Overspending on gear is a rookie mistake, however. You don’t need a new computer or a $300 microphone, but it also doesn’t hurt to invest money into a setup that works for you. While a USB microphone can be great for the price, you will eventually grow out of it, meaning you’ll reach into your wallet for a better microphone in the future. To prevent that, you’ll want to future-proof your setup. You may spend a little extra now, but good podcasting setups age like wine. This is the gear I recommend you start with:
If you’re unfamiliar with microphones, an XLR microphone may seem worse than a USB one. I get it. XLR microphones lack built-in smart features like gain control, a mute button, or a noise gate. And because they rely on another piece of equipment to function, these microphones cost more. But the thing about XLR microphones is that they’re quieter, have a better dynamic range, and they sound better overall than their USB counterparts. Also, the quality of the microphone can be improved by upgrading the audio interface. USB microphone audio, on the other hand, can only be improved via software.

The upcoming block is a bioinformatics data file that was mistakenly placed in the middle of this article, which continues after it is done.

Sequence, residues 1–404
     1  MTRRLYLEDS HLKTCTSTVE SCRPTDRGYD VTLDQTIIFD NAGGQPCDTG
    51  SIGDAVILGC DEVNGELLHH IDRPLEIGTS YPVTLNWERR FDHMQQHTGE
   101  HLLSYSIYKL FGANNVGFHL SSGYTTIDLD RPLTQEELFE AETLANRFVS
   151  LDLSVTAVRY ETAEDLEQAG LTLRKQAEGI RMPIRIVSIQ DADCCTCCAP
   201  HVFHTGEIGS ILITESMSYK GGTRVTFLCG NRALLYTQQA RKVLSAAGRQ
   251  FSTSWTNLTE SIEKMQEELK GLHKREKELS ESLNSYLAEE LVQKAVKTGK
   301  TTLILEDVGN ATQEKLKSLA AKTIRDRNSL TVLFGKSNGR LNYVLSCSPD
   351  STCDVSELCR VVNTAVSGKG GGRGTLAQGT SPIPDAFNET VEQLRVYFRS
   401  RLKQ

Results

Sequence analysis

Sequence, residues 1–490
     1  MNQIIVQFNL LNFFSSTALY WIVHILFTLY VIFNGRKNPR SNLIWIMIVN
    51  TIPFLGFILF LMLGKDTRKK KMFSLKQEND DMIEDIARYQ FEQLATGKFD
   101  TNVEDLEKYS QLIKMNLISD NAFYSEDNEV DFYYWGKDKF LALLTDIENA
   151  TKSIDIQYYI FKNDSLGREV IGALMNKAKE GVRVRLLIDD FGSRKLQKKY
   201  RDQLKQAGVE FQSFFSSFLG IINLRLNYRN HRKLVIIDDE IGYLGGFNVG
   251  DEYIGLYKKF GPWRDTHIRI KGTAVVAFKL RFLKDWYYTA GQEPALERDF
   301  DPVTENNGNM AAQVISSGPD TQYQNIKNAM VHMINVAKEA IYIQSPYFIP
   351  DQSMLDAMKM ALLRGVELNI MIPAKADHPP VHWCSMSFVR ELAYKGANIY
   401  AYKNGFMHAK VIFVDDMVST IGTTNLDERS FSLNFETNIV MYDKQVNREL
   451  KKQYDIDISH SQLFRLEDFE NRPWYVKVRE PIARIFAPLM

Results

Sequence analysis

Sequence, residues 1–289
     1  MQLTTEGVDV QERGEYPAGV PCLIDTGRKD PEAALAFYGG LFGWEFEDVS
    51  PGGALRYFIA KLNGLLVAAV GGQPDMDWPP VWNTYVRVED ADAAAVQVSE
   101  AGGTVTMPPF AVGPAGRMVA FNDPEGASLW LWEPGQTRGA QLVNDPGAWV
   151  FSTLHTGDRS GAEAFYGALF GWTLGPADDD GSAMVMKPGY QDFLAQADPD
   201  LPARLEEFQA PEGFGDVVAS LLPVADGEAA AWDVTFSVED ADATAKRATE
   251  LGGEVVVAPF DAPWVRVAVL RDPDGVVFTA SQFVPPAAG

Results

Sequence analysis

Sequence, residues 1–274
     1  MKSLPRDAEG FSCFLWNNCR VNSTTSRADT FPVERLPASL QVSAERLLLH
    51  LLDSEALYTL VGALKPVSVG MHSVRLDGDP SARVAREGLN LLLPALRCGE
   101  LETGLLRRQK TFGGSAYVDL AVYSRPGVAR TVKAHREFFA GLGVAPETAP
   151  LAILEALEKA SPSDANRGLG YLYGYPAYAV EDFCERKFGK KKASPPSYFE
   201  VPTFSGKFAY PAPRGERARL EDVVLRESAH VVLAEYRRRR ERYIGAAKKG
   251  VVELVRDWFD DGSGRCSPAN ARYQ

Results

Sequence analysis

Recommendation: The $100 Rode PodMic is a monster for the price and has a classy look for extra points.
Budget pick: The Audio-Technica ATR2100x is the best of both worlds, costing just $80. You can use it as a USB or XLR microphone, meaning you can upgrade to an XLR setup when you’re ready.
You can’t have an XLR microphone without an audio interface. This piece of equipment is the conduit between your XLR microphone and the computer, but it’s also much more than that. Aside from powering the microphone and relaying its audio signals to the computer, audio interfaces can adjust the gain and sometimes apply effects that improve the audio quality. But it’s the physical aspect of the device that makes it so useful. Unlike using software to adjust microphone settings, an audio interface has tangible dials and buttons. It makes it easier to adjust on the fly, keeping you focused on the podcast instead of losing your train of thought as you navigate menus.
Recommendation: Focusrite’s Vocaster Two is the best pick. It’s a bit expensive ($300 or about $250 on sale), but you won’t need to upgrade for a long time. It’s also incredibly versatile, able to work on an iPad and output audio to a DSLR for video podcasting.
Budget pick: The Scarlet 2i2, also from Focusrite, lacks the podcast-focused features of the Vocaster, but it’s still a really solid piece of gear you can pick up for about $150 when on sale, which is often.